Many of the most extreme members of the anti-abortion movement reveal themselves to HBO cameras for the first time in this disturbing verite documentary. The film focuses primarily on "soldiers" in the Army of God, a pro-life group bonded together by the Internet, by organized rallies, and by a common belief that abortions must be stopped at all costs. In addition to intimate footage of Army members at their homes, in their cars and at gatherings, the film includes harrowing footage of high-profile crimes targeted at abortion clinics, most notably the 1993 murder of two abortion-clinic workers in Pensacola, Florida. The documentary also features an exclusive death-row interview with the man who committed these murders: Paul Hill, who has become a hero and martyr to many Army of God zealots.
No topic on the American socio-political landscape is more divisive than abortion, but in a way, Soldiers in the Army of God
may actually bring reasonable folks on both sides of the issue together. That's because directors Marc Levin and Daphne Pinkerson's 70-minute documentary, made in 2000, chronicles the Army of God, a radical anti-abortion group who preach and practice violence as the best, indeed the only, means to end legal abortions, a stance that more moderate advocates on both ends of the spectrum must surely abhor. Granted, most of the people interviewed here make their cases calmly, even reasonably; they certainly don't come on like the fire-breathing fanatics their views might suggest. But there's not a lot to like about guys like Bob Lokey, an ex-con (he served 20 years for murder), an "activist" and smarmy hypocrite who claims he wouldn't harm a hair on an "abortionist"... but nor would he complain if someone else did; or the ultra-confident Neil Horsley, who does his propagandizing on the Internet (a vital source for spreading the word and identifying fellow protesters) and offers the usual argument that those who were killed merely got what they deserved. Regardless of one's position on abortion, the fact is that it's legal, and shooting people who perform them isn't. But these "soldiers'" belief that they are doing God's work muddies the waters, because faith is not fact; indeed, it is inarguable. As a result, Soldiers in the Army of God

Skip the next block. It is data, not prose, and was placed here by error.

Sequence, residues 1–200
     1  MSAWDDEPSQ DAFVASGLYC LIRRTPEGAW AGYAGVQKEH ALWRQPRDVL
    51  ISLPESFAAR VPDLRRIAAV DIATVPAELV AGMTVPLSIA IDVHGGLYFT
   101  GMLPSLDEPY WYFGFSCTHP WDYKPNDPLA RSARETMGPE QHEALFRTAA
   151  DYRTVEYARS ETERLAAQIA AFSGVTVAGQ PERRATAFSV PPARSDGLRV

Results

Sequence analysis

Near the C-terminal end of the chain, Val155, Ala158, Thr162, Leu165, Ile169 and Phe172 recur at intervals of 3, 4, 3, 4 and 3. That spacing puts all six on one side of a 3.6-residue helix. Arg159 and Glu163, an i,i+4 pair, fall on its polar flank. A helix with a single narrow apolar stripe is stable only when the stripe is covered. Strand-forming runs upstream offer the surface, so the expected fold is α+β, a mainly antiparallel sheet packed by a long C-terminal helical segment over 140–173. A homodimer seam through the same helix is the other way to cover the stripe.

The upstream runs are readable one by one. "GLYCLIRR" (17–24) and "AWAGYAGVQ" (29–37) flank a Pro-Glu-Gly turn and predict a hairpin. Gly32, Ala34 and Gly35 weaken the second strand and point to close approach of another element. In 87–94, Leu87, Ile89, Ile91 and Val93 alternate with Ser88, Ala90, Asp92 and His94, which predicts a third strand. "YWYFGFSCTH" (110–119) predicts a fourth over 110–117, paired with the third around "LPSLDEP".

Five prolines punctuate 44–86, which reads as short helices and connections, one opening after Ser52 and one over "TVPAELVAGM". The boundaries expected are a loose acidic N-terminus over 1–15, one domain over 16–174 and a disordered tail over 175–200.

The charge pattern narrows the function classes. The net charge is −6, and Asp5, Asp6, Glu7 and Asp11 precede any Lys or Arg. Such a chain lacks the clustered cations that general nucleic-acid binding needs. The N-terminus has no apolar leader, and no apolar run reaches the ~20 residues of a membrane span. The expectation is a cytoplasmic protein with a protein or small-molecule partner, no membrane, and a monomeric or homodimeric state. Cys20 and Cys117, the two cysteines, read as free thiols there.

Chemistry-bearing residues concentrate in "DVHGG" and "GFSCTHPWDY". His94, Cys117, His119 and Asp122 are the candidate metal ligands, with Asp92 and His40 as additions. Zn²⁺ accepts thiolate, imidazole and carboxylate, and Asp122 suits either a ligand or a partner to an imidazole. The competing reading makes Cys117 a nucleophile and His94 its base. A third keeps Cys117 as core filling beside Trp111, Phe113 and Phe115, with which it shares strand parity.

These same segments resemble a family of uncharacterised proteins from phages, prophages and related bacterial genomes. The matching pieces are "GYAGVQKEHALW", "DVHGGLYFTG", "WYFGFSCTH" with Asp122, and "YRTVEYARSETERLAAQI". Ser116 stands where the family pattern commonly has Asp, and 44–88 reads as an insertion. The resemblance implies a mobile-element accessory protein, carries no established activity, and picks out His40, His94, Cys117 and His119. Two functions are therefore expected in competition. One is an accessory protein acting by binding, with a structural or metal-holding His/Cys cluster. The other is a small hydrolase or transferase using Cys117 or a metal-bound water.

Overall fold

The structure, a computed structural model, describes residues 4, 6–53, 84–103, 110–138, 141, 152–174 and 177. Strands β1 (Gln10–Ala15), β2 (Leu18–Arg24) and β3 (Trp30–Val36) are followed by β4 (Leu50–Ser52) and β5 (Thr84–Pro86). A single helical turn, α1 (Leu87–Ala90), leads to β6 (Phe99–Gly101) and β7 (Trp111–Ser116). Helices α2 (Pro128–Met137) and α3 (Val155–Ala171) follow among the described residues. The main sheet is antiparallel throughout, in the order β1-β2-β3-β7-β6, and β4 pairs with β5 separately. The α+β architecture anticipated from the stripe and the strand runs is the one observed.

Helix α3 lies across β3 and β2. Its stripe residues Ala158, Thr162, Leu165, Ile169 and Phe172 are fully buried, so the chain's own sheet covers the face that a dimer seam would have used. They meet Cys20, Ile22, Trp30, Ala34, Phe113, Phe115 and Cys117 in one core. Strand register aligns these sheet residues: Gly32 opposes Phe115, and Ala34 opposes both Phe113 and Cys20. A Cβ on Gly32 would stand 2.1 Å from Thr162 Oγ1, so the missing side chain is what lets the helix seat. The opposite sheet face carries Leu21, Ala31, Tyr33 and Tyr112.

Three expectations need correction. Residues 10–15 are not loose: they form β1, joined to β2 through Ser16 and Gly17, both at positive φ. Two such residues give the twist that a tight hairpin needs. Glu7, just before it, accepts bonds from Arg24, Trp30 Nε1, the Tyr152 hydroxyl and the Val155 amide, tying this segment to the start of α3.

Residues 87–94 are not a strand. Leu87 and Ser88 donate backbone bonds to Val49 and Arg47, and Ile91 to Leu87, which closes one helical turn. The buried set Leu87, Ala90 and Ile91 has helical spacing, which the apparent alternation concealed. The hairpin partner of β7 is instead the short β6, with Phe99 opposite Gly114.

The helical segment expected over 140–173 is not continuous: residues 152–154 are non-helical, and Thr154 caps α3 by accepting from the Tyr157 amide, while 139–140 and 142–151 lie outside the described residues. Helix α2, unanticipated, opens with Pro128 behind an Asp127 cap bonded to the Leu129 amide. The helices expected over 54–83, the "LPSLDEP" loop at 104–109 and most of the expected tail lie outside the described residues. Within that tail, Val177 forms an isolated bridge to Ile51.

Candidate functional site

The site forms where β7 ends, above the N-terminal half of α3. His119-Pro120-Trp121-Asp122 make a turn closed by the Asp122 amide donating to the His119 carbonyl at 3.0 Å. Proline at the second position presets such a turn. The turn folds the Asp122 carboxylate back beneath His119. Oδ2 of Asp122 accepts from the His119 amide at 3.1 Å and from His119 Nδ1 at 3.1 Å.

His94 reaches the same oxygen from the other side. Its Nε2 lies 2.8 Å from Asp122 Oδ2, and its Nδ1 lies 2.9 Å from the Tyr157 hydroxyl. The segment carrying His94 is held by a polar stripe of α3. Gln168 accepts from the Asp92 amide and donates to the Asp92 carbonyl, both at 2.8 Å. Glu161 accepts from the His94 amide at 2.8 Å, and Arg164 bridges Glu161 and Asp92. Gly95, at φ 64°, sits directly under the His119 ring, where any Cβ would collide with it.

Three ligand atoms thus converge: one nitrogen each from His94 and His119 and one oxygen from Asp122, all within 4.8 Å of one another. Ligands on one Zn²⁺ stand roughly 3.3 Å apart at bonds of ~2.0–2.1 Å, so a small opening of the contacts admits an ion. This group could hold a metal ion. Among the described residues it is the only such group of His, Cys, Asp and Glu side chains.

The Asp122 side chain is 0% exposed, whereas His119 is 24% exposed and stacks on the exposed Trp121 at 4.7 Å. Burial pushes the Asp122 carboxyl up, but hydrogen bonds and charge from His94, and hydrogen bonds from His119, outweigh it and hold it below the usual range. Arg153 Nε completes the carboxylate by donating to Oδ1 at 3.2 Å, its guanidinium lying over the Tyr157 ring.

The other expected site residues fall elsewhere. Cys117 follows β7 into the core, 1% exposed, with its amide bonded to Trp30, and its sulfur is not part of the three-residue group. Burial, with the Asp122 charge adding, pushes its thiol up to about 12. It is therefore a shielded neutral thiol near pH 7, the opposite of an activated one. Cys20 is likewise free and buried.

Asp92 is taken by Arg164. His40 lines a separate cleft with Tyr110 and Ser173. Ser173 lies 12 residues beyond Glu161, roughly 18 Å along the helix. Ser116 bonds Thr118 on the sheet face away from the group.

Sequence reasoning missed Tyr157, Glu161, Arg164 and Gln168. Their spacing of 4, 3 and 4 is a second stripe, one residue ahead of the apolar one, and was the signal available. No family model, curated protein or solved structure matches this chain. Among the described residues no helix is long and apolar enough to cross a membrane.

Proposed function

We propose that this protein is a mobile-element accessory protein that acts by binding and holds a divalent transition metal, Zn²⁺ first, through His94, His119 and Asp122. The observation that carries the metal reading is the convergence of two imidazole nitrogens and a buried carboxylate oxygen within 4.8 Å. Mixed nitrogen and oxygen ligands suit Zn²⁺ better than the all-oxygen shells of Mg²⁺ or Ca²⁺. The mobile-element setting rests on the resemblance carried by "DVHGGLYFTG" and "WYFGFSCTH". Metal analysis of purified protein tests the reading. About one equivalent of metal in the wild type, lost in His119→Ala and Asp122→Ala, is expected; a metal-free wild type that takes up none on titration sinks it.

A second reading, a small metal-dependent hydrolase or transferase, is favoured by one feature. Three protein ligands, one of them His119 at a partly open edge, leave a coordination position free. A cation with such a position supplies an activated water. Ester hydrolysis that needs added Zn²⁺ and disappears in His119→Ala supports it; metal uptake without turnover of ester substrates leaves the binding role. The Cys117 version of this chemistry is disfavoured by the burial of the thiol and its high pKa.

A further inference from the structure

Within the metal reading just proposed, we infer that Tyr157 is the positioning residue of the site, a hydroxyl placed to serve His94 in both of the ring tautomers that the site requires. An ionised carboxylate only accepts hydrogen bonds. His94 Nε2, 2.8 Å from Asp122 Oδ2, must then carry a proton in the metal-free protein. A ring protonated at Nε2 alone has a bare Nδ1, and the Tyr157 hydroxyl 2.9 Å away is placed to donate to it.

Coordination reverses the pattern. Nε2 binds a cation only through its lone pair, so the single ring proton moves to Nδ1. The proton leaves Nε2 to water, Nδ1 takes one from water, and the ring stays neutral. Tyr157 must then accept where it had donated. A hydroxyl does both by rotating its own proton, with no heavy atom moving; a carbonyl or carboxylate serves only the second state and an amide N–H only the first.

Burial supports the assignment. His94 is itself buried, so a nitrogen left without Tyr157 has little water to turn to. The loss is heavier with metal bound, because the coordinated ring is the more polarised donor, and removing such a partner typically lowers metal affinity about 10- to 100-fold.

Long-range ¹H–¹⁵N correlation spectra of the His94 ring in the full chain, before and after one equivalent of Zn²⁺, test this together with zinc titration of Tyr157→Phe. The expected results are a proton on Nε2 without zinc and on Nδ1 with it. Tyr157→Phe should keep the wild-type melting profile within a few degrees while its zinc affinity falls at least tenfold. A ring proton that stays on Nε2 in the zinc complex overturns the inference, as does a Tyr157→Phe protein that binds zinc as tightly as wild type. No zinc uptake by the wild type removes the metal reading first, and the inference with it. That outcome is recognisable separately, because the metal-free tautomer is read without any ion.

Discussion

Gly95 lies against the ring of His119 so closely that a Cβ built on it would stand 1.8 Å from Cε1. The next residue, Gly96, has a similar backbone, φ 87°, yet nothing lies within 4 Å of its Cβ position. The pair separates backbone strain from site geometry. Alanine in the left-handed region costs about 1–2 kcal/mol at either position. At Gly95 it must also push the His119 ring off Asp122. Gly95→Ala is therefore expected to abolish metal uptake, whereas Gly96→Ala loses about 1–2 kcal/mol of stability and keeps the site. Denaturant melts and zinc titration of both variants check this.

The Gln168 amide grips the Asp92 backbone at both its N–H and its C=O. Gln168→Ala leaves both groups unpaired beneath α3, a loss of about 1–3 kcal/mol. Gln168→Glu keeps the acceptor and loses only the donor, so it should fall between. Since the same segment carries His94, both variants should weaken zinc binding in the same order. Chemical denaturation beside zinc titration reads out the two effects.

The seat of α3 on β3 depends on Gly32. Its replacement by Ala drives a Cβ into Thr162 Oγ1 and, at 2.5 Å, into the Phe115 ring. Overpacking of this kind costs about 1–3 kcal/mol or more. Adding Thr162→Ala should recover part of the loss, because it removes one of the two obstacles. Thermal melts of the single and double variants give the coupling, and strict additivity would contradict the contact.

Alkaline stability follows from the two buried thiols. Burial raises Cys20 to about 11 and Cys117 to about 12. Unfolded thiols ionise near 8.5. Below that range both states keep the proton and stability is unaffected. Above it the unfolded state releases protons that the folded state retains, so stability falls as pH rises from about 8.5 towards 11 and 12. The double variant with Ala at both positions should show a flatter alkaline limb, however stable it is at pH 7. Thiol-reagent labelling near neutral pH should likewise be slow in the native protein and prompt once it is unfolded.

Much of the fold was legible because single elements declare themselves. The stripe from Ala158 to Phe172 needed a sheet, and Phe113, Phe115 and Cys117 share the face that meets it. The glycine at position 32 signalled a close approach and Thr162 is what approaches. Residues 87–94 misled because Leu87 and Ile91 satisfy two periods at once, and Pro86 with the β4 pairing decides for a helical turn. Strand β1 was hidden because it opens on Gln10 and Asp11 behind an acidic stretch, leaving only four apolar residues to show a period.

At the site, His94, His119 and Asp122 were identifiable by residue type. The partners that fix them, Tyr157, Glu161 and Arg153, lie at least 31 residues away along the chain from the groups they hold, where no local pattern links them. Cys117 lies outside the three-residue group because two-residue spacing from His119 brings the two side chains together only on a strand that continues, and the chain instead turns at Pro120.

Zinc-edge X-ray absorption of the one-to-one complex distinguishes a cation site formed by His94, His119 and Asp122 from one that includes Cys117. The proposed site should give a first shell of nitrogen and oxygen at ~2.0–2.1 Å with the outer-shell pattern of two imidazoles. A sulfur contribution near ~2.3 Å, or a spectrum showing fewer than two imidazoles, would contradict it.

ultimately leaves one with the sinking feeling that this issue is irreconcilable. Take the example of Paul Hill, who in 1994 killed Dr. John Britton. Hill regarded this "abortionist" as a murderer, so he shot him and his escort; interviewed here, the utterly unrepentant Hill languishes on a Florida death row, awaiting his own death (he was given a lethal injection in September '03). And the infernal wheel goes 'round and 'round. --Sam Graham